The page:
Biafra, Nigeria and the Challenge of History

Chido Nwangwu writes about the lesson learnt from the Nigeria-Biafra War (1967- 1970) and the need to ensure equity and fairness among all Nigerians irrespective of ethnic or religious affiliations.

Again, this is the weekend of May 30, the date of the formal declaration of the former Republic of Biafra: the Land of the Rising Sun! It was declared in 1967.

As a geo-political entity in its war with the rest of Nigeria, it became defunct in 1970.  Agitations have continued….

This commentary reflects parts of my updated analyses of some of the major issues regarding Biafra.

Biafra holds a duality of meaning to the Igbo and other Nigerians. To millions, it was the highest point of their expression of the creative  skills and existential ingenuity of the Igbo, Annang, Ibibio, the Efik,some sections of Ijaw, Ogoni and other constituent parts of the People’s Republic of Biafra, since 1967.

 It saw the Biafrans prove that technological competence and self-reliance are possible for any community, nation, or race that perseveres.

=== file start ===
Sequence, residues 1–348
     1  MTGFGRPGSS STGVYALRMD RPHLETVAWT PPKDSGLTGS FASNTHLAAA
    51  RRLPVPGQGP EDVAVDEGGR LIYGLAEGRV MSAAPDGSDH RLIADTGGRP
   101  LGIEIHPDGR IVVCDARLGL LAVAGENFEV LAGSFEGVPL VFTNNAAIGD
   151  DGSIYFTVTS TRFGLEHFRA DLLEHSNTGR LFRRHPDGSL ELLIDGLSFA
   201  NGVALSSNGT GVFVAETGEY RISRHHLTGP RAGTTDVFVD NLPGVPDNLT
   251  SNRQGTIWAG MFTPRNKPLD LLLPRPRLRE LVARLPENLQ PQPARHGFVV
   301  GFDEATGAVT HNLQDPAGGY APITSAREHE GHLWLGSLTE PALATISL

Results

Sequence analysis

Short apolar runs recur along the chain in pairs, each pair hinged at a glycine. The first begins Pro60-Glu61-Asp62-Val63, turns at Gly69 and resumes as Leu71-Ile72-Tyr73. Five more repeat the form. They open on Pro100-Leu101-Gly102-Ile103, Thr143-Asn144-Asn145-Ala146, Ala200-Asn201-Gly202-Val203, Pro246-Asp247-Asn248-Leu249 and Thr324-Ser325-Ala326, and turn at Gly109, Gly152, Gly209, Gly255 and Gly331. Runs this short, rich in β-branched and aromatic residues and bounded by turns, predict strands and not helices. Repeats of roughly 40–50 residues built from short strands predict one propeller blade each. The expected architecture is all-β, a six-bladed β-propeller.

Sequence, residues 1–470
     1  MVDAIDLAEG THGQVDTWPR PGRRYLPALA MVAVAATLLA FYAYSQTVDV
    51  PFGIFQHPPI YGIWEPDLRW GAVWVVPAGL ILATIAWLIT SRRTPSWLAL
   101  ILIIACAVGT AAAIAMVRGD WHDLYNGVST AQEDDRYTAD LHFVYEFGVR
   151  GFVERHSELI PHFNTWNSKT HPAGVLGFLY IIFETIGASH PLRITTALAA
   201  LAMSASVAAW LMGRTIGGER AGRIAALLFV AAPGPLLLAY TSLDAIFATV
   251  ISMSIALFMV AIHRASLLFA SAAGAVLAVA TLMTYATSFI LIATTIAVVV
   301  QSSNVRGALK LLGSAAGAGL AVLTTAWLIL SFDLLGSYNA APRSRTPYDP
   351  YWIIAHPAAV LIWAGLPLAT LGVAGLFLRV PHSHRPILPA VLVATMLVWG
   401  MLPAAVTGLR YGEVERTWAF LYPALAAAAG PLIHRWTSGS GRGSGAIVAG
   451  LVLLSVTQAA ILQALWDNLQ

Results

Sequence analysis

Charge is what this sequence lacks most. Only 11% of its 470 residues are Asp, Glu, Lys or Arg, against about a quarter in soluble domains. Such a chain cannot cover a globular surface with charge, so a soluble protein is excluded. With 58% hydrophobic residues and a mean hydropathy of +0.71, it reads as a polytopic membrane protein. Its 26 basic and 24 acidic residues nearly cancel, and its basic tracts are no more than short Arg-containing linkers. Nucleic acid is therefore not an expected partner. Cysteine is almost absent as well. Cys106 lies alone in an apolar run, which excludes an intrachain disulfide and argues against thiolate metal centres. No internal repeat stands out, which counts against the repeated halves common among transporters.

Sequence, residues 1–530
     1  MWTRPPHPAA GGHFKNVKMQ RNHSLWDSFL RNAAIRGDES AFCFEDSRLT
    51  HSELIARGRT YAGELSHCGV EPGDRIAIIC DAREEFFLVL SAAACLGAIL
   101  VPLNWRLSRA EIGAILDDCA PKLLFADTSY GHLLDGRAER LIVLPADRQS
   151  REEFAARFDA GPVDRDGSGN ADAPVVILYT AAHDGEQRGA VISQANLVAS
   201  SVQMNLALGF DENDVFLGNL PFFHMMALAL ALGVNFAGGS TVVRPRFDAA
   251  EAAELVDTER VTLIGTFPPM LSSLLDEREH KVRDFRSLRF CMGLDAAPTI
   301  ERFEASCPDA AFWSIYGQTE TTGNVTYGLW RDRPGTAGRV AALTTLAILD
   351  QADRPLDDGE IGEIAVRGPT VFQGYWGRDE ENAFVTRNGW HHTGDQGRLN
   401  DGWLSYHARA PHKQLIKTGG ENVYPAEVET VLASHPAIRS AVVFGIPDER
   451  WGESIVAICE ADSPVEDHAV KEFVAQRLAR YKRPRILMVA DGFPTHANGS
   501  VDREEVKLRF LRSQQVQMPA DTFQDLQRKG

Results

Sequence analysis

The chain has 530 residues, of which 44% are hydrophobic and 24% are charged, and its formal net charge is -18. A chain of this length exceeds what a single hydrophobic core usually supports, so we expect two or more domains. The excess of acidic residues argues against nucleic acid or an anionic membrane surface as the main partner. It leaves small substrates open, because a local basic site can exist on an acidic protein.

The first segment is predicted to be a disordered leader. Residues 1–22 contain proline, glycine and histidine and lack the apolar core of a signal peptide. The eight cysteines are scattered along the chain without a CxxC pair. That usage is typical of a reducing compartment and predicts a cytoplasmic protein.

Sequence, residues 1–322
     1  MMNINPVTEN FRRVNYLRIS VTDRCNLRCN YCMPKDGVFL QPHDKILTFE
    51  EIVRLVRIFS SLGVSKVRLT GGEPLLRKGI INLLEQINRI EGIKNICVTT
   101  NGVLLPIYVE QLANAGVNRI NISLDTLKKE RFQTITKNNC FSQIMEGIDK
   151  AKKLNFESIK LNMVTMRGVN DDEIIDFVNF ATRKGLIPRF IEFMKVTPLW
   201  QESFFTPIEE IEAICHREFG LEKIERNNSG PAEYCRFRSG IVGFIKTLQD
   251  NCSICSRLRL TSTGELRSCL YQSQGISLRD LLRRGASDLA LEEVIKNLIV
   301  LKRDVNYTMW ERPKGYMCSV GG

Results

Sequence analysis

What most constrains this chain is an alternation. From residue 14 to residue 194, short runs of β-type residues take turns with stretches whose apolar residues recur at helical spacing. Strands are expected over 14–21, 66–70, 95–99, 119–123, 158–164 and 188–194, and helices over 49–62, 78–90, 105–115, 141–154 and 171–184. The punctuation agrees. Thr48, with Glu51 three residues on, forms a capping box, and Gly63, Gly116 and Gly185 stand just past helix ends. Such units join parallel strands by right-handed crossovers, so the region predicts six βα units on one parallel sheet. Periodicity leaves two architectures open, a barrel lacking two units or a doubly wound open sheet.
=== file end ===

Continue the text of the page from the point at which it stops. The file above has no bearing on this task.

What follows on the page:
The Igbo and their fellow Biafrans also proved during the 1967-1970 Nigeria-Biafra War, that the serial and violent acts of corruption, chocking incapacities and inability to move the needle of technological innovations in Nigeria were not in our genes, but rather environmentally induced. Especially by lack of visionary leadership. Chinua Achebe, the Prophet, and father of African literature, was right: calling the leadership critical towards achieving development.

Say what you may against the Head of State of Biafra, General Emeka Odumegwu Ojukwu, he mobilized and conscientized the collective sense of duty and dedication of the highest intellect to see Biafra through a path of thunder and tempest. He has a permanent place in historical consequence; in my opinion, as not only the greatest Igbo that has ever lived, but one of the most charismatic figures in history!  Hence, no matter how many times, no matter how many ways his detractors yell words of derogation or write mountains of malice and lies against him, he is etched in the hearts of an overwhelming majority of the Igbo nation.

I recall the high honor of riding with Ojukwu and Dr. Chuba Okadigbo to the launch of Ojukwu’s controversial book, Because I am Involved, at the Nigerian Institute of International Affairs, Lagos. Okadigbo was political adviser of the then President of Nigeria, Alhaji Shehu Shagari until December 31, 1983, I was working for Dr Okadigbo’s publications as Assistant Editor of Africa & The World Journal and the Platform magazine from 1988 to 1990.